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Not Even Past Highlights Two Hemispheres Travel Programs

Siberia and Uzbekistan participants share their experiences on the History Department web site.

Posted: October 9, 2013
Ever wonder what it's like to participate in our educational travel programs?  Well, now you can get a glimpse: two of last summer's travel programs have been highlighted by our friends at Not Even Past.
Professor Mary Neuberger and a some of the participants in CREEES's summer program "Siberian Voices" write about the experience of traveling in Siberia for a month. For a full month Prof. Neuburger led a group of university faculty, K-12 teachers, and students on a travel-seminar to Siberia with the goal of curriculum development for current and future U.S. educators. Three participants in the program are share their experiences: Prof Neuburger, Daniel Rusnak, a History major at UT who was researching the Trans-Siberian Railway, and Tricia Pearson, High School AP History teacher from McKinney, Texas.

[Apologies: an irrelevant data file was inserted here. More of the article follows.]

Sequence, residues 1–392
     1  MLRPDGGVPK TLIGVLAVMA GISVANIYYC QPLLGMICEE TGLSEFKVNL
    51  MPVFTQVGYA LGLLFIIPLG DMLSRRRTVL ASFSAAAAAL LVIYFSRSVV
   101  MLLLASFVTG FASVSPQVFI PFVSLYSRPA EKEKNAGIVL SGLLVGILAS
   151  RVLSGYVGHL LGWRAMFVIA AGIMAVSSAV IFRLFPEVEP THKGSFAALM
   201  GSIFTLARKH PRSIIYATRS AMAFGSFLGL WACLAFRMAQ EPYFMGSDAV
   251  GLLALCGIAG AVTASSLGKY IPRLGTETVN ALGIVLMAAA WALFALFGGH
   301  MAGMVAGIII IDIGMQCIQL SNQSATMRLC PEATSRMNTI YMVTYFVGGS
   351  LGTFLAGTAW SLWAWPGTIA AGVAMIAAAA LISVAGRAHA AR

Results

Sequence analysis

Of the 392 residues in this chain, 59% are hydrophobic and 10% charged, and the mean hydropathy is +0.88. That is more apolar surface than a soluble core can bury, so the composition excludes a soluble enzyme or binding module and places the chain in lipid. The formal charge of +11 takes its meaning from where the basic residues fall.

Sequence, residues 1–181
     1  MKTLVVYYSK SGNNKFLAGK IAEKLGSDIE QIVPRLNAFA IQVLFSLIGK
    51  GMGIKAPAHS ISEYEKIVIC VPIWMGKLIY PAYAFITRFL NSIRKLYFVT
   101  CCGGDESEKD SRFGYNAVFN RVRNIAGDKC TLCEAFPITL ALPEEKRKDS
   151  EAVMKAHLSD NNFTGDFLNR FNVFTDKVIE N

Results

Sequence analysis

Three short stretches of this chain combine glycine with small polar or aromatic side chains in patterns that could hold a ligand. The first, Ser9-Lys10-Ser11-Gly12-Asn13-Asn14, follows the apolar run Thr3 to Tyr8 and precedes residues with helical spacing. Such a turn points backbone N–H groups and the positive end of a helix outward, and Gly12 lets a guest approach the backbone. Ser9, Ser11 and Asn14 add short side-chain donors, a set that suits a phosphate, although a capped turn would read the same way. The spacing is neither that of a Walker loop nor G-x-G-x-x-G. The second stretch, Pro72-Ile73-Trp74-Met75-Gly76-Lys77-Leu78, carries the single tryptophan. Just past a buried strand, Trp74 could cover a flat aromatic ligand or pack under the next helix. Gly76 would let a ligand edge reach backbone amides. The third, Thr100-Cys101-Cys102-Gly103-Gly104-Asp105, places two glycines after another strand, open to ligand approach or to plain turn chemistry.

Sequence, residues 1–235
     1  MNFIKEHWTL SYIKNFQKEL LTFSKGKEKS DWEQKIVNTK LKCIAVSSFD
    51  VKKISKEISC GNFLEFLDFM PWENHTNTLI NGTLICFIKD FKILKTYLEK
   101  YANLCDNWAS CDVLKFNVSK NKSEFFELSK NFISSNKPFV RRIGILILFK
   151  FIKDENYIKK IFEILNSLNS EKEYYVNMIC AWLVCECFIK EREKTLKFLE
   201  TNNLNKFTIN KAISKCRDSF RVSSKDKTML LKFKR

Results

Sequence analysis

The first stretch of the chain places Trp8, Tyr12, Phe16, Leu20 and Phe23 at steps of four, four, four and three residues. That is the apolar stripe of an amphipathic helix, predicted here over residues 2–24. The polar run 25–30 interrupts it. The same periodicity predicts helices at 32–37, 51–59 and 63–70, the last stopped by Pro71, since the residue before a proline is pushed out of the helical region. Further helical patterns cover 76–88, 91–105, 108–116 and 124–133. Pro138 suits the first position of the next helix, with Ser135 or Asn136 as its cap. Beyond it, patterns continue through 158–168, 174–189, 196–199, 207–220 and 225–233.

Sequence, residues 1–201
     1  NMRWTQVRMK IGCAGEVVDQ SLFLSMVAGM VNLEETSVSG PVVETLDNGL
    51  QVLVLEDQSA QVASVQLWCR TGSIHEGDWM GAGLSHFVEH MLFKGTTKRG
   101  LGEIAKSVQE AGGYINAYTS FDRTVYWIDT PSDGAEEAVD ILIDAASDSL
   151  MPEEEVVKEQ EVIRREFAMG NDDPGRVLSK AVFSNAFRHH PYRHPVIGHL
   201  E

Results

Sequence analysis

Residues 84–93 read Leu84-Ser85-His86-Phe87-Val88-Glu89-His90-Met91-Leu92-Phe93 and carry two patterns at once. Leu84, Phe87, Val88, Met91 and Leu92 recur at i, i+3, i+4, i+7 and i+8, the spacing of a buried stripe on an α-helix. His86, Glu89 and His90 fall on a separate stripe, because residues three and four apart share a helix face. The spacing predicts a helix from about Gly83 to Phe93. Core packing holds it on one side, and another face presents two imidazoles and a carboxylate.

Christopher Rose writes about a trip to a mountain shrine in the mostly Muslim Central Asian republic of Uzbekistan that bears a surprising resemblance to a Buddhist temple: It’s a tradition from the steppe, one of the many signs that you can find in Uzbekistan that the country sits aside the road between east and west: a Persian style dome sits atop an Islamic shrine, decorated with what I mistook to be Buddhist prayer flags, at a site that’s been revered since Zoroastrianism predominated here over a thousand years ago.
Interested in traveling with us and having your own adventure? There are still spaces for the Spring Break in India program – and the Heart of the Silk Route program will be repeated in 2014 (open to all, led by our colleagues at New York University).


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